This month a very special young lady near and dear to all Irish hearts turned 25.
Georgina Curley (née Rabbitte), the titular Snapper of the 1993 Irish classic, weighing 7 pounds 12 ounces. Her story has been a staple of Irish culture since its inception. Initially, as the second novel in Roddy Doyle’s Barrytown Trilogy, then more memorably in the 1993 movie adaptation.
The story itself is beautifully simple: Sharon Curley (changed as 20th Century Fox owned the rights to the Rabbitte name from The Commitments) gets pregnant and won’t tell anyone who the father is other than it’s a “Spanish sailor” and the family do their best to adapt to the incoming new addition.
That said, there are some really dark elements simmering just under the surface; Sharron is essentially raped by a family friend who takes “her panties” as a trophy. The scene is played for laughs in the movie (“is that you squeaking?”), whereas the book is more wilfully ambivalent with Sharon only remembering snippets of the night and herself unsure if it was rape. Doyle himself has stated he sees George Burgess’ actions more immoral than illegal but leaves the reader to come to their own conclusions.
Sharon is equal parts flawed and heroic; drinking throughout the pregnancy while at the same time taking to eating celery as “it’s good for the baby”; had the book been set earlier it’s not hard to imagine Sharon and baby being separated at one of the nun-run laundries that sadly was the fate of so many unmarried Irish mothers.
Even when the truth of the baby’s father is revealed, it is Sharon and not the cheating married man who is ostracised by the community.
Her white knight shows up in the unlikely form of the human highlight reel that is Dessie Curley played by Colm Meaney. Promising to love the child even “If it looks like Burgess’ arse”, Meaney was nominated for a Golden Globe for his performance, alongside Hollywood icons like Tom Hanks and Johnny Depp.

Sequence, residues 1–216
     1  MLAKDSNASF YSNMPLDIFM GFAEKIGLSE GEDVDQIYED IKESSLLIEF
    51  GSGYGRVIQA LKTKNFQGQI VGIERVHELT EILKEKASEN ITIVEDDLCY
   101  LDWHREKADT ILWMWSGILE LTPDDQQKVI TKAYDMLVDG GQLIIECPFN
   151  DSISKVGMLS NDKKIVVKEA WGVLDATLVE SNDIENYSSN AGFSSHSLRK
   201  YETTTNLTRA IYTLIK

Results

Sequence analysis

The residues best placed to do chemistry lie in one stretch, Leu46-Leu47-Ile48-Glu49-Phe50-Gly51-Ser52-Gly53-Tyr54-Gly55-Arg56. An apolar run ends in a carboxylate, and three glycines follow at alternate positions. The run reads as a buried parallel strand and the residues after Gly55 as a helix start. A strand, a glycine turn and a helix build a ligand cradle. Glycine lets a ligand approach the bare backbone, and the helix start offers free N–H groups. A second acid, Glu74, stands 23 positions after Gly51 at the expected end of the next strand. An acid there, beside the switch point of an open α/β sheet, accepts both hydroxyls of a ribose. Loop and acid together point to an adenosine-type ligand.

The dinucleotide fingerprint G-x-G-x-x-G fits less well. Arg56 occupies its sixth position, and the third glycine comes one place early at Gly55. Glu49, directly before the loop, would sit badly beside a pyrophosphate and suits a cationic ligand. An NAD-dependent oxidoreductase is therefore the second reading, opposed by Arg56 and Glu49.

He would wind up losing to Robin Williams for Mrs Doubtfire, Curley is one of cinema’s all-time great characters: endlessly quotable, he peppers the film with a lifetime’s supply of memorable scenes from threatening his neighbour with a set of garden shears to casually propositioning his wife because there is nothing on TV.
Surprisingly, film adaptations of Doyle’s work would end with The Van three years later.
His only other contribution to the screen being the screenplay for 2000’s When Brendan Met Trudy, adaptations of Doyle’s work ushered in an all too brief boom for Irish-made movies.
The Butcher Boy, I Went Down and later Intermission all owe a debt to Doyle’s trailblazing Barrytown Trilogy; it helped mould the Irish humour that has influenced everything from Moone Boy to the brilliant Roddy Doyle’s Star Trek Facebook page.
Cardboard Gangsters and The Young Offenders have shown there is an appetite for Irish-centric movies but sadly there doesn’t seem to be the money, with the majority of Irish talent seeking funding and opportunities abroad.
The Snapper remains a bold, brash and brilliant piece of work; undoubtedly the funniest film Ireland has ever produced: “Yes, hombre. He speaks the truth”.
Words: Andy McCarroll @andymc1983